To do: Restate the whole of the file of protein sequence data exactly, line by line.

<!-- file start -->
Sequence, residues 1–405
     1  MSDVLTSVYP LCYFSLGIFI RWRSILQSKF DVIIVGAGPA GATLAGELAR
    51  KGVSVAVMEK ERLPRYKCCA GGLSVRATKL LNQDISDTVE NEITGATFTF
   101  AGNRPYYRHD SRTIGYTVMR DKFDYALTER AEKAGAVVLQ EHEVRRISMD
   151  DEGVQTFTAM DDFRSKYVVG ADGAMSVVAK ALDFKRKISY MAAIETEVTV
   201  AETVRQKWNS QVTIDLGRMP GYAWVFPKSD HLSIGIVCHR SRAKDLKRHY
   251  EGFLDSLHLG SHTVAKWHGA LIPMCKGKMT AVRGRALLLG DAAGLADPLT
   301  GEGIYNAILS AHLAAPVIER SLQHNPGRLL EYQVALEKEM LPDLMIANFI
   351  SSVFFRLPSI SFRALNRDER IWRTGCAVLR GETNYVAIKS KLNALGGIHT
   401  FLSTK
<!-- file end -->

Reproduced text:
Sequence, residues 1–405
     1  MSDVLTSVYP LCYFSLGIFI RWRSILQSKF DVIIVGAGPA GATLAGELAR
    51  KGVSVAVMEK ERLPRYKCCA GGLSVRATKL LNQDISDTVE NEITGATFTF
   101  AGNRPYYRHD SRTIGYTVMR DKFDYALTER AEKAGAVVLQ EHEVRRISMD
   151  DEGVQTFTAM DDFRSKYVVG ADGAMSVVAK ALDFKRKISY MAAIETEVTV
   201  AETVRQKWNS QVTIDLGRMP GYAWVFPKSD HLSIGIVCHR SRAKDLKRHY
   251  EGFLDSLHLG SHTVAKWHGA LIPMCKGKMT AVRGRALLLG DAAGLADPLT
   301  GEGIYNAILS AHLAAPVIER SLQHNPGRLL EYQVALEKEM LPDLMIANFI
   351  SSVFFRLPSI SFRALNRDER IWRTGCAVLR GETNYVAIKS KLNALGGIHT
   401  FLSTK